HUFFPOST PERSONAL

Why LOFT's Decision To Quit Selling Plus Sizes Was A Slap In The Face To Women Like Me

"Seeing more mainstream retailers offer plus-size clothing was so liberating because it signaled that my body mattered just as much as everyone else’s."
"Making a wide range of clothing available to diverse body types allows people to create their own narrative and fight back a
"Making a wide range of clothing available to diverse body types allows people to create their own narrative and fight back against harmful stereotypes about what it means to live in a certain type of body," the author writes.

The plus-size fashion community has been abuzz with the news that the women’s clothing retailer Loft has made the decision to stop selling plus sizes this upcoming Fall season.

Loft’s plus-size collection was originally launched in 2018 and offered sizes from 16 to 26. This was very exciting for plus-size women like myself who were elated to see a more inclusive size range at a mainstream store.

Although the plus-size collection was largely available online, as opposed to in stores, it felt like a much-needed move toward including bodies like mine, and a way for the retailer to be in touch with the reality of our population, considering that the average U.S. woman is now reported to be between a size 16 and 18.

Loft made the move to decrease the range of size offerings quietly and without public announcement, only to be discovered later through the company’s responses to plus-size models and influencers on Instagram and Twitter.

One version of the announcement reads, “Unfortunately, due to ongoing business challenges, we have had to make some difficult decisions, which does impact our plus collection. Come fall, our size offering will be 00-18/XXS - XXL. We sincerely apologize for any disappointment.”

When asked for the reason behind its decision, Loft cited the pandemic and the challenges it has caused. I’m not questioning the reason, but the decision to do away with the company’s plus-size range — especially during the pandemic, when people’s bodies are changing — sends a harmful message about the value of larger bodies.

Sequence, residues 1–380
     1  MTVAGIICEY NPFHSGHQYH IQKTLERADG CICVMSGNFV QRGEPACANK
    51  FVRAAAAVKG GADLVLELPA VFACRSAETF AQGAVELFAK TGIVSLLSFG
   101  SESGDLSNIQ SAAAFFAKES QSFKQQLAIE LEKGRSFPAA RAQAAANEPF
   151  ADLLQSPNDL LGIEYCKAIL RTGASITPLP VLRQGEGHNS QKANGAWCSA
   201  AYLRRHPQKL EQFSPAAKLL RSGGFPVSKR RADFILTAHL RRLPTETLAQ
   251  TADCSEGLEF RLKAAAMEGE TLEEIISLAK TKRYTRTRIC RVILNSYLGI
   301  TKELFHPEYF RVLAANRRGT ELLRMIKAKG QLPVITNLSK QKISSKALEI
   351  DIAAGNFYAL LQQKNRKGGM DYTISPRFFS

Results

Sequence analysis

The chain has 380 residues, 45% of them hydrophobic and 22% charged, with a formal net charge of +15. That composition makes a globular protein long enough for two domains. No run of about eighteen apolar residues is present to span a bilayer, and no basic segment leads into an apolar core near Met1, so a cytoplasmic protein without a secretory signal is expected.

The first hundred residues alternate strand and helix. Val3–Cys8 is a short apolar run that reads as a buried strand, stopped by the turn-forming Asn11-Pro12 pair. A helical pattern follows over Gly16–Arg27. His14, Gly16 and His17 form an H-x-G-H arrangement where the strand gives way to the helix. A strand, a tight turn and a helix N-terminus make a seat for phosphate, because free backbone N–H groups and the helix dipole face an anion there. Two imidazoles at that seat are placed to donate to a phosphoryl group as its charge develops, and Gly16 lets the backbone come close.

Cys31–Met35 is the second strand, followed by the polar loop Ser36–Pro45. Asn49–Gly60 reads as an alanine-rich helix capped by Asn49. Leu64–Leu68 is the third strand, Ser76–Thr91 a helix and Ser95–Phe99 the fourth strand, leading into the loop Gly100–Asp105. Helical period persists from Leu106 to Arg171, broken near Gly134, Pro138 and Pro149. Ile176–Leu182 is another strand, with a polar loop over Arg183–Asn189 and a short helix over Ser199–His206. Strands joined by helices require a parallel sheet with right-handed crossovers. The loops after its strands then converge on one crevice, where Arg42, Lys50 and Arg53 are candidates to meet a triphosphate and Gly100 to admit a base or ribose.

This move was particularly striking to me because it seemed to say that the business and needs of plus-size women were not as important and valuable as those of straight-sized women. As a plus-size woman, I’ve heard this message time and time again in one way or another.

Whether it’s the people who tell me I’m so pretty … for a plus size girl, the countless movies and TV shows focused on “transforming” bodies like mine, or the ever-present diet industry reminding me that my No. 1 goal should always be to get smaller, existing in a plus-size body means constantly hearing that you are not good enough and need to change.

This message is not only harmful; it’s also wrong. There is evidence to suggest that what we know about body size is constantly shifting and that the tried-and-true facts on weight and weight loss may not be entirely accurateAnd even if that isn’t true, that doesn’t mean that people in larger bodies aren’t important and valuable exactly the way we are.